Lowe’s, Nordstrom Expand Infrastructures to Support BI

LAS VEGAS -- The growing use of business intelligence technology is beginning to strain some corporate IT infrastructures, according to some users.

For example, Lowe’s this month completed an installation of 3,000 AIX-based IBM servers to better handle spikes in user demand for access to the MicroStrategy BI tools it uses.

The MicroStrategy tools previously ran on Windows-based systems, CIO Steve Stone said in an interview at the MicroStrategy user conference here last week.

In addition, Lowe’s is building a second data center in San Antonio that will, among other things, be used to back up the retailer’s Teradata data warehouse and MicroStrategy BI applications, Stone said.

The new data center is slated to be completed by year’s end, he said.

The home improvement company plans to use the Dual Active System Solution from Dayton, Ohio-based Teradata in the new data center and in its existing one in Winston-Salem, N.C., so that the data warehouse and BI tools can be run in both locations.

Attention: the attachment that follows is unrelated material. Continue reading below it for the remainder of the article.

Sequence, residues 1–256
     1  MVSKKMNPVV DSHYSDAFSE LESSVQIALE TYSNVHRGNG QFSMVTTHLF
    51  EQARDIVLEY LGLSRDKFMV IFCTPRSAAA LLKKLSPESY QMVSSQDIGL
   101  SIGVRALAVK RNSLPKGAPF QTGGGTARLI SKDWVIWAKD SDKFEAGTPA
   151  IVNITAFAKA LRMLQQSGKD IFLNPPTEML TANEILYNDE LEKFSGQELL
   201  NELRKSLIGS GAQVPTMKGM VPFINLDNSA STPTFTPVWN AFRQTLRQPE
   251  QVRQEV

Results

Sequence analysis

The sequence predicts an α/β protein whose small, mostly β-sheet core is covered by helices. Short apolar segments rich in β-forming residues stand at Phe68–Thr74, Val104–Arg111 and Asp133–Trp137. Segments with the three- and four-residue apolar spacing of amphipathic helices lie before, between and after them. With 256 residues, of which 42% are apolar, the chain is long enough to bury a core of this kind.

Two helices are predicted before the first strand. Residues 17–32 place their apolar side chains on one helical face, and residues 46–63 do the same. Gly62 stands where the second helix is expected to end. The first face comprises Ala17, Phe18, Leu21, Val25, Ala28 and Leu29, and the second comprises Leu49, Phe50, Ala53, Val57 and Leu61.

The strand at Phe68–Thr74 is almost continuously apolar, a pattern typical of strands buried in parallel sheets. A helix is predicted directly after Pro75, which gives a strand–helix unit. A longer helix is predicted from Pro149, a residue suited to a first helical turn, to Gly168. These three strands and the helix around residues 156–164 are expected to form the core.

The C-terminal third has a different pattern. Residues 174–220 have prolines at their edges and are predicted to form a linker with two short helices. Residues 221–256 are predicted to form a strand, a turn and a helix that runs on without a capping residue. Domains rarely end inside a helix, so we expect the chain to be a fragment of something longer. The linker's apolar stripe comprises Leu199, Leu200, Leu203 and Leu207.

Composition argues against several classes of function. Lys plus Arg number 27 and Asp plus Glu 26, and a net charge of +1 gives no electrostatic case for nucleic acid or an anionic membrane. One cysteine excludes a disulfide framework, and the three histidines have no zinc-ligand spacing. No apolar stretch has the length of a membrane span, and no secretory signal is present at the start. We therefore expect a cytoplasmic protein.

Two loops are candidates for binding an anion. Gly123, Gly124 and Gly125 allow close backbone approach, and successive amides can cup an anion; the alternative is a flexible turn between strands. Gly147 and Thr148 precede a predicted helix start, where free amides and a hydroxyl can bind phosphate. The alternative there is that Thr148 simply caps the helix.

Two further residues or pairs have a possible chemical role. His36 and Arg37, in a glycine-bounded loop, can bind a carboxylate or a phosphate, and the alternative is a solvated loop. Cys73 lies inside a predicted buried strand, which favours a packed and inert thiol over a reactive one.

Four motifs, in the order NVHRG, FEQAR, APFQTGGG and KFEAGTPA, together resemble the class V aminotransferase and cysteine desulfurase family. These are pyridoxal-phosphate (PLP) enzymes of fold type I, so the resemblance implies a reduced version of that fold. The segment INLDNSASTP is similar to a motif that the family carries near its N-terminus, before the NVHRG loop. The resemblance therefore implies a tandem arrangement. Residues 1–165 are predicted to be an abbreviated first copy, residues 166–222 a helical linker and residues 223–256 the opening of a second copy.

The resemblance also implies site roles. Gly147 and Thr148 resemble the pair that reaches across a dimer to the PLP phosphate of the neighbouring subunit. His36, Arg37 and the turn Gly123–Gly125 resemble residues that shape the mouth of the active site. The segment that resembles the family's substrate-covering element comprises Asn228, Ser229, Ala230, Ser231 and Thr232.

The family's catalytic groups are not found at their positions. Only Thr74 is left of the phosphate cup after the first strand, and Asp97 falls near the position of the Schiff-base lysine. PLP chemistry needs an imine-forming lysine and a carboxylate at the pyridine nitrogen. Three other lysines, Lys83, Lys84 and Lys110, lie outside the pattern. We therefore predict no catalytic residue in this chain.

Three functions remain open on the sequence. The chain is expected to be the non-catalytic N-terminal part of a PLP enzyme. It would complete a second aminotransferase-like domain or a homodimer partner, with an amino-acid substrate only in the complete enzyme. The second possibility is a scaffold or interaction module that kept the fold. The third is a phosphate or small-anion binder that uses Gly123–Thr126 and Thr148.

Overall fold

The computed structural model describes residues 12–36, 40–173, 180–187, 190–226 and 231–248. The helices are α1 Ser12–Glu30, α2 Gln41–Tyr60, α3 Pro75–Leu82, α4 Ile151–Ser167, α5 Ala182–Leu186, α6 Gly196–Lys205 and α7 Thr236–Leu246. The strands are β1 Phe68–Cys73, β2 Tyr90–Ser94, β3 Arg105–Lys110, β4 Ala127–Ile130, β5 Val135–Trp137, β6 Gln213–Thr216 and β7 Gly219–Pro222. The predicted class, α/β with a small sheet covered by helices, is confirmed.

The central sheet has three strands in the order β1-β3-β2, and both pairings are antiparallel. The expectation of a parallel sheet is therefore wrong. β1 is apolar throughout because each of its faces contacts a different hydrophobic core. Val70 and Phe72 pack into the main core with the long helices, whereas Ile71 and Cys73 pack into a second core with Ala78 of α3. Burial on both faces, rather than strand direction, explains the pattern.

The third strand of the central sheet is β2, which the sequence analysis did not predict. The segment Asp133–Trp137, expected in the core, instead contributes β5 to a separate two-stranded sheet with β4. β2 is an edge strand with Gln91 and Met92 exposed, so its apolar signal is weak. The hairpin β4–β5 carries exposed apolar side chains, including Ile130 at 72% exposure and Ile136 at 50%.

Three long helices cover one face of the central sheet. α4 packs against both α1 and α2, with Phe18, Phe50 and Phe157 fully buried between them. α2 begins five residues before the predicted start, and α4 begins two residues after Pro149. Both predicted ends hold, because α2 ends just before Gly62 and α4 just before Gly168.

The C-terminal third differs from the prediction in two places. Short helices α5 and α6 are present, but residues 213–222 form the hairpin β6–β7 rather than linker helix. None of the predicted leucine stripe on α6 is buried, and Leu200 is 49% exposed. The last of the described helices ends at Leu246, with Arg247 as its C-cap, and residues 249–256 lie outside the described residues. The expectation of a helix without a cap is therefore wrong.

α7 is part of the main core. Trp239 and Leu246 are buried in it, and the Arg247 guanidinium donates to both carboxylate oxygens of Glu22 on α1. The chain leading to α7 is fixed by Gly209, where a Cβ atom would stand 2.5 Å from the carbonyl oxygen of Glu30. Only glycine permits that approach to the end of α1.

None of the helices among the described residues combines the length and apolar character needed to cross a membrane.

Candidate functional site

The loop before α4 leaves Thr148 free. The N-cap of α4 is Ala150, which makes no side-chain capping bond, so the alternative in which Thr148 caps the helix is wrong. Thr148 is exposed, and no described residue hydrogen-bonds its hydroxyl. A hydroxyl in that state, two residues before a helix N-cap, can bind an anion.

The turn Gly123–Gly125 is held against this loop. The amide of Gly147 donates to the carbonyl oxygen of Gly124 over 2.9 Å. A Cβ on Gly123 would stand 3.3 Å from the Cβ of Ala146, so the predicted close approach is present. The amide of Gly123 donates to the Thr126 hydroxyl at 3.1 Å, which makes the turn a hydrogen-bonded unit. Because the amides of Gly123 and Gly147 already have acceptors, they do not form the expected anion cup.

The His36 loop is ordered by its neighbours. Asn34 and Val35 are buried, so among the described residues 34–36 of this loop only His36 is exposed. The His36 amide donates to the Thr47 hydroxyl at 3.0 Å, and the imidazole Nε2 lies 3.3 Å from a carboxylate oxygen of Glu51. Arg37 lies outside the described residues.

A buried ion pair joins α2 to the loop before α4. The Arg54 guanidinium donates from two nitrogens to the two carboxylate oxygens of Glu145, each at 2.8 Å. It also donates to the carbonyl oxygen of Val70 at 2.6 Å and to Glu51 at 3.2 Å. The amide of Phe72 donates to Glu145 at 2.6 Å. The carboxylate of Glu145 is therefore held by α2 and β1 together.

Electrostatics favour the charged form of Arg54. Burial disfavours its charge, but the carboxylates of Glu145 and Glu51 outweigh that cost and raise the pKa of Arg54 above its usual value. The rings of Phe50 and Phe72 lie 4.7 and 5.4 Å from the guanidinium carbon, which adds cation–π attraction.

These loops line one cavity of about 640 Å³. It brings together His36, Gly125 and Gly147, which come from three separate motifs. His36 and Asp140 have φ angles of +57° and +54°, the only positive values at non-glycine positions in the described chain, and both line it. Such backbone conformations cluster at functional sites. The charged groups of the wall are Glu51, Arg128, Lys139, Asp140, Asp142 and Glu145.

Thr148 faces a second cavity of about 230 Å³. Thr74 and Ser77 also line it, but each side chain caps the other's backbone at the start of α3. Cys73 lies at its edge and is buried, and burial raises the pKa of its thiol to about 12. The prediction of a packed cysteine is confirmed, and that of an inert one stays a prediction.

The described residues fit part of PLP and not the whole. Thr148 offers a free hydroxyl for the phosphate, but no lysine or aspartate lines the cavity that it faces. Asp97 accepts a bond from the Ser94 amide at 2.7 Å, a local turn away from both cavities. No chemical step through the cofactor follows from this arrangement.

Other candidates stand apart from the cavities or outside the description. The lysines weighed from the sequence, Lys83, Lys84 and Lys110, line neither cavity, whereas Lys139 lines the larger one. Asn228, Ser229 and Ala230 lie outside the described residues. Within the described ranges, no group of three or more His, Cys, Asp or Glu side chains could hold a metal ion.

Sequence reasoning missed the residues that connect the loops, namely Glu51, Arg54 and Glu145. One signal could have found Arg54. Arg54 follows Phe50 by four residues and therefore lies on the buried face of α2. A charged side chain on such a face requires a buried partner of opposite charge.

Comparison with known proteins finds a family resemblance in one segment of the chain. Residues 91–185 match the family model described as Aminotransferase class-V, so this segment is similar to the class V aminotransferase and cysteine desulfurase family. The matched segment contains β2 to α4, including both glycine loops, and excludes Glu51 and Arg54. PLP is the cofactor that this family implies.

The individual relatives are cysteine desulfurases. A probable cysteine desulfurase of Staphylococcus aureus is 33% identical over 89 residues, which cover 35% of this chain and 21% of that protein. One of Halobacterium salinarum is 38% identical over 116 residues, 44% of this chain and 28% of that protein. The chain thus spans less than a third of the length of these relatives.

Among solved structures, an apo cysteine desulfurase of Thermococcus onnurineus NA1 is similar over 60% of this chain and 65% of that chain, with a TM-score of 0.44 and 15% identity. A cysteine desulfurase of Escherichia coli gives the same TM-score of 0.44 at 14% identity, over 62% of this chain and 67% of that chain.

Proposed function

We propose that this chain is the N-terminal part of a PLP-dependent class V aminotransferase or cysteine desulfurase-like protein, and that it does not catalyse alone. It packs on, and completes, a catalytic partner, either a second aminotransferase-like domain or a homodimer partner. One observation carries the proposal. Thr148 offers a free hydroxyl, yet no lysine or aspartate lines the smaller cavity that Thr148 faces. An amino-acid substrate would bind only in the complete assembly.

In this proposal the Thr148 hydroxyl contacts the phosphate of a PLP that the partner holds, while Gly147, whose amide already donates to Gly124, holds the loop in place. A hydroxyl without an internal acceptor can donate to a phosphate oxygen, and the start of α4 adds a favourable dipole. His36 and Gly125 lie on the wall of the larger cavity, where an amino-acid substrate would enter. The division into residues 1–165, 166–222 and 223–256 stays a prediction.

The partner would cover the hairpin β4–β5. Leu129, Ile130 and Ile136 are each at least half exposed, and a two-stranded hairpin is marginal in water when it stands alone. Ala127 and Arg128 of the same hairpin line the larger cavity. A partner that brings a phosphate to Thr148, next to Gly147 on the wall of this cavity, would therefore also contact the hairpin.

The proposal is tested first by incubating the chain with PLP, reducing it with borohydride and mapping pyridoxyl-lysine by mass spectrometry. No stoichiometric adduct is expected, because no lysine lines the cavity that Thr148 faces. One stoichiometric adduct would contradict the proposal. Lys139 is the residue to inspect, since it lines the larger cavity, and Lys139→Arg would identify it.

“Once you start making operational decisions that impact the lifeblood of your company, you have to make [BI] a Tier 1 application in your company,” Stone said.

Nordstrom Inc. now has 5,000 MicroStrategy users running 10,000 reports per day, but it projects that its user base will grow to 20,000 running 35,000 reports per day by next year, said James Taylor, program manager for data warehousing and BI at the Seattle-based retailer.

To absorb this growth without suffering performance hits, the company last month moved its BI operations from a 32-bit Windows environment to 64-bit machines running Sun Microsystems Inc.’s Solaris 10 operating system.

So far, the company has seen a 9% decrease in report response times and an overall 30% improvement in performance, Taylor said.

“We are having good response times,” he added. “We are ready to take on new projects now.”

Vaidyanathan Seshan, IT project manager at Nordstrom, said that once the new systems were installed, “users did not see any change in look and feel [of the BI application]. For them, it was a nonevent.”

Copyright © 2007 IDG Communications, Inc.

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